It was the government’s goal at the beginning of the year. It must be said at this point, all beginnings are favorable to make this achievable. But with the insecurity and political wrangling, we must to recognize that there are elements that hinder the recovery of tourism.

At the end of May, the European market posted a 2.2% decline in terms of arrivals.

This decline is mainly due to the achievements of this month, considered very bad. There are also declines in the French and German markets and also the Scandinavian market. The Italian market is an exception continuing to improve.

In June, there should be a very interesting filling since the month of May was very bad. The average booking is only 50% of the capacity while in the month of July, the number will certainly increase.

The only hope to increase numbers lies in both September and October. At the moment, we do not have any clear indication, but a positive response from tour operators is expected.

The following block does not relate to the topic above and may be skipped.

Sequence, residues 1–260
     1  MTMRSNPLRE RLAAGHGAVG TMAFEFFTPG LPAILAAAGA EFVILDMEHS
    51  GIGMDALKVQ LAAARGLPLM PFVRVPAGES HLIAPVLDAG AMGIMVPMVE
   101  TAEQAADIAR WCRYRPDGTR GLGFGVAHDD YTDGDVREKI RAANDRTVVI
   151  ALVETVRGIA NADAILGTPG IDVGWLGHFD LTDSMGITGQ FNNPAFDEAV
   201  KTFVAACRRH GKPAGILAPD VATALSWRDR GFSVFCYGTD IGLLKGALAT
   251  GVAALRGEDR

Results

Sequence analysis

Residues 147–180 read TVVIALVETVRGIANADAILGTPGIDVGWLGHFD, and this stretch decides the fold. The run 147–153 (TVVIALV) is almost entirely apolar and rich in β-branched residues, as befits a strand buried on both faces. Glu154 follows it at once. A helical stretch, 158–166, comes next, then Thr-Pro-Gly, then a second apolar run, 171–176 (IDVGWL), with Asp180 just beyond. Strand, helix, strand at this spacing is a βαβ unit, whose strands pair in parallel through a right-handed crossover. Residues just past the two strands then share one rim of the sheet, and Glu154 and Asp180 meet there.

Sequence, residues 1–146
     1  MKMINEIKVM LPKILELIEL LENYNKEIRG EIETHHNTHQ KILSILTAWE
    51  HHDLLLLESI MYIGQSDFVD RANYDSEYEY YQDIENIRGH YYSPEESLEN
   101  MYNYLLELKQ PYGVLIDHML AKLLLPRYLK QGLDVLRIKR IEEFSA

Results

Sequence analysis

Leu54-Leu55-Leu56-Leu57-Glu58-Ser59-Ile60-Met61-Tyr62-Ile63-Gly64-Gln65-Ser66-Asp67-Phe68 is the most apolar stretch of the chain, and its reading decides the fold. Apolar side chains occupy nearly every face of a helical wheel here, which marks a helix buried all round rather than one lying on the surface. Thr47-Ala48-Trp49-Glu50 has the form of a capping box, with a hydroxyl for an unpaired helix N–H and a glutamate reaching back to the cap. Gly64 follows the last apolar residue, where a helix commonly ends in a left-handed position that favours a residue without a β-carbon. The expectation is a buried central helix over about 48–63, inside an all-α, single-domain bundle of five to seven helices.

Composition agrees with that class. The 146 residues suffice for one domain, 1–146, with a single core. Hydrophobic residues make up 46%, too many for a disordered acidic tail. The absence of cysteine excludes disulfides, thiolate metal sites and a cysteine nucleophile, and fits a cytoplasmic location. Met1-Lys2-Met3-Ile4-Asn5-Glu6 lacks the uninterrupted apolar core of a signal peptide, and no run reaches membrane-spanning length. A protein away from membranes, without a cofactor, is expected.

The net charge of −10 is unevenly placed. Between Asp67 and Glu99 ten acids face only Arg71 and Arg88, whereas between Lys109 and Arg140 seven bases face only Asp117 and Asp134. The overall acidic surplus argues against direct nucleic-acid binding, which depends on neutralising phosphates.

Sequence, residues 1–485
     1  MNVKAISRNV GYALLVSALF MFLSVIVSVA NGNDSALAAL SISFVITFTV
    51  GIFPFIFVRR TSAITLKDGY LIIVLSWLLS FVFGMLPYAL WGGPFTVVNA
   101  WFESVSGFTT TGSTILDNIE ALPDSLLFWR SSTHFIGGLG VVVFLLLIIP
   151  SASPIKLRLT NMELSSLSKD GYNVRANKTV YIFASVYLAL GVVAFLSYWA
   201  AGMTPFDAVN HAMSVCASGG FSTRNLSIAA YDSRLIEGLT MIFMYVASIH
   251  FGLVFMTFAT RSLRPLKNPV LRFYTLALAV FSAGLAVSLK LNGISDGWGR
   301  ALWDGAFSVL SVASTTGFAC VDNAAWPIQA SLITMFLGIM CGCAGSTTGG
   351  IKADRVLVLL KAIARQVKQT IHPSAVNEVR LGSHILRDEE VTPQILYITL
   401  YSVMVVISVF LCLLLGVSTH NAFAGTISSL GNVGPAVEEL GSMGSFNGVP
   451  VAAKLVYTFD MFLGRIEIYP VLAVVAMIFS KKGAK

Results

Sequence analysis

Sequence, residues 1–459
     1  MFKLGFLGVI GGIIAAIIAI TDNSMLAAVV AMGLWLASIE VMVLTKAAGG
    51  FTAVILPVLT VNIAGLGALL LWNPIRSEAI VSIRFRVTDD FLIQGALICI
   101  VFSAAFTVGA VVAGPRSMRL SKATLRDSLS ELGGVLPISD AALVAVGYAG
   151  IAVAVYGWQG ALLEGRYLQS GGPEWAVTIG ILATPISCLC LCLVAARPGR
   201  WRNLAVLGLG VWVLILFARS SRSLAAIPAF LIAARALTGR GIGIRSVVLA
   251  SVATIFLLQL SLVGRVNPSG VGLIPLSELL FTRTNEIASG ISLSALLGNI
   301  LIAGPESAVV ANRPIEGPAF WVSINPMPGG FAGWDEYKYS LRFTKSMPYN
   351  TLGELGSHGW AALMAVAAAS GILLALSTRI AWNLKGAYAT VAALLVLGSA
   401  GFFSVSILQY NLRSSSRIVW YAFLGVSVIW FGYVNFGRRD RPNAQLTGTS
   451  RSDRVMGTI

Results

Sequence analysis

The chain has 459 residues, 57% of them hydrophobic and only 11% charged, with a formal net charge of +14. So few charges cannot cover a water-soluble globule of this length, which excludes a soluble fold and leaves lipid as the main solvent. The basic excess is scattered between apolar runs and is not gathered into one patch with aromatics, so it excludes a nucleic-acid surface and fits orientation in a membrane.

A priori, the target of 7 million tourists in 2014 remains an elusive goal. The only possibility is to perform the same figures for the previous year. We will find ourselves in a situation similar to that of 2013 where hoteliers showed zero profitability. The debt situation will worsen and the closure of hotels will be done quickly.

The situation will get worse as we were hoping for a revival of tourism at the beginning of the year while considering 2014 as a pivotal year that was an important engine of development for the future of Tunisian tourism. These unsatisfactory results will delay its development in 2015. Figures that we hoped to achieve in 2020 remain difficult to achieve.

However, we remain optimistic and it is time to focus on promotion and quality improvement programs for 2015 because we can not do anything for this season. It’s too late and even if we try to initiate actions, they will not yield the expected results.

Amel Karboul made many promises to promote the Tunisia destination while professionals are worried. What do you think?

This is true, Amel Karboul at first hoped to have a very good year, but did not realize that there were elements that could hinder this development. We have continued to talk about an interesting or exceptional year. This is not true and achievements were negative in May and the prospects are much worse.